'The Bad Times: An Droch-Shaol' will be available in Fall 2015
About the book:
"The Bad Times: An Droch-Shaol" is a story of pain and suffering, but also of love. Brigit, Daniel and Liam are three teenagers from County Clare in the west of Ireland who live through the horrors of the Great Hunger, also known as the bad times. Their friendship keeps them strong as they each make tough decisions to survive. Their story is movingly told in this new graphic novel by historian Christine Kinealy and graphic novelist John Walsh.
Professor Christine Kinealy, founding director of Ireland's Great Hunger Institute at Quinnipiac University, is the author of many books on the Famine, including "This Great Calamity," "The Great Famine in Ireland, 1845-52," "Charity and the Great Hunger in Ireland" and "The Kindness of Strangers." She and her children, Siobhán and Ciarán, now live in the United States.
John A. Walsh is an illustrator and graphic novelist and the creator of "GO HOME PADDY," a graphic novel that is being serialized online. John lives in Boston with his wife, Rachel, and daughter, Fiona Maeve.
"The Bad Times" is being published by Quinnipiac Press in 2015 in collaboration with Ireland's Great Hunger Institute. In educating people of all ages and backgrounds about the Great Hunger, the institute also supports the mission of Ireland's Great Hunger Museum at Quinnipiac University.
What is a Graphic Novel?
It's a story told through the combination of sequential visual art and text. Graphic novels are now widely regarded as mainstream literature for children and young adults. They also can be a valuable resource for supporting learning in the classroom.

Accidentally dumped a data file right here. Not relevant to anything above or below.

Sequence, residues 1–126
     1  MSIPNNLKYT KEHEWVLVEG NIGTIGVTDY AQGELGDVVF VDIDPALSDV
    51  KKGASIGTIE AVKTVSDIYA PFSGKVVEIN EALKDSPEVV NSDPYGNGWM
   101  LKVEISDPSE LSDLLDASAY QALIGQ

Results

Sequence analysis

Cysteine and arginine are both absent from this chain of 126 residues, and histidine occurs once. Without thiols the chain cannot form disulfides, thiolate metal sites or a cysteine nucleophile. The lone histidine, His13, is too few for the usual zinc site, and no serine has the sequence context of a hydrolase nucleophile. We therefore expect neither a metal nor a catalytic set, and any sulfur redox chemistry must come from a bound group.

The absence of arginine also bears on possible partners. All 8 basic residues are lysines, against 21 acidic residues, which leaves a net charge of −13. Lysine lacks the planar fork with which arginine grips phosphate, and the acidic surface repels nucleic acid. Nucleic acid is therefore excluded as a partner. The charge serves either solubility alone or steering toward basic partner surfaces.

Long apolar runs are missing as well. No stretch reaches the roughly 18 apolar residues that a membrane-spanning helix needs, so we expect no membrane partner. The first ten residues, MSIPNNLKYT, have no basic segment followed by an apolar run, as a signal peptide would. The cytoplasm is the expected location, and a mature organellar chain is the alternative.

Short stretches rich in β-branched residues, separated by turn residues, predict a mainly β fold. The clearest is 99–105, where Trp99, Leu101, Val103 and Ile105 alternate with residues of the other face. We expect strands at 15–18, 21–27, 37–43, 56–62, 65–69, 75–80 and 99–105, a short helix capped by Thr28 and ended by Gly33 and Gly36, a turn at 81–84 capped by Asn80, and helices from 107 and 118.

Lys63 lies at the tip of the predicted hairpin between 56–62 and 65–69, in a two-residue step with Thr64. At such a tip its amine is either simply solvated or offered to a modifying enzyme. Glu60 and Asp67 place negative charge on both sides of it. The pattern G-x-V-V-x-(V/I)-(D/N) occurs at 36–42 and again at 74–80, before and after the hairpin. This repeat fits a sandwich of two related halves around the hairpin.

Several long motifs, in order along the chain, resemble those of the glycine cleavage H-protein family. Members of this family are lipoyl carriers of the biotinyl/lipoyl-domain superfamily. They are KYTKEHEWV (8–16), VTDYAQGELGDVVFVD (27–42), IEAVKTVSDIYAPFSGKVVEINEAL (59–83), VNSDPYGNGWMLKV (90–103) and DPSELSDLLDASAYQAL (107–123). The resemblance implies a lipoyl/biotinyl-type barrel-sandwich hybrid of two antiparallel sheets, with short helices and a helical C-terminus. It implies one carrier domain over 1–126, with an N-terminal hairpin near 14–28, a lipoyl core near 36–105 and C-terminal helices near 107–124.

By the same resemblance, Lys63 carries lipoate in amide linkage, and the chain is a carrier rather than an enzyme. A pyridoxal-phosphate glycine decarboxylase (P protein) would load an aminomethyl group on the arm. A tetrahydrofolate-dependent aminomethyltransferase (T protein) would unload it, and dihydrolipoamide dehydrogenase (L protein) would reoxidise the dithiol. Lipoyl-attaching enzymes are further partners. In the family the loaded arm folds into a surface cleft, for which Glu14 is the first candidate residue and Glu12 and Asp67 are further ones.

What is the Great Hunger?
The Great Hunger (or An Gorta Mór) refers to a tragic period in Irish history when more than one million people died of famine or famine-related diseases. Many Irish speakers simply referred to this calamity as "an droch-shaol," which roughly translates as "the bad times."
The immediate cause of the tragedy was a new strain of potato blight that first appeared in Europe during the harvest of 1845. Its arrival in Ireland was greeted with alarm as the potato was the subsistence crop of a majority of the Irish population. Prompt intervention by the British government (who had governed Ireland from the Westminster parliament in London since 1801) and by local Irish elites, meant that nobody died in the first year of shortages. However, the unthinkable happened, and the potato blight returned for a second time in 1846, both earlier and more lethal than in the previous year. And, even more disastrously, the blight returned, in varying degrees, for a further five years. Famine had arrived in Ireland.
Inappropriate and inadequate relief policies by the British government contributed to the suffering of the Irish poor, and the consequences were mass mortality and mass emigration. To this day, Ireland has not recovered from this catastrophe.
About the Institute:
Ireland's Great Hunger Institute is a scholarly resource for the study of the Great Hunger. Through a strategic program of lectures, conferences, course offerings and publications, the institute fosters a deeper understanding of this tragedy and its causes and consequences. To encourage original scholarship and meaningful engagement, the institute develops and makes available the Great Hunger Collection, a unique array of primary, secondary and cultural sources, to students and scholars.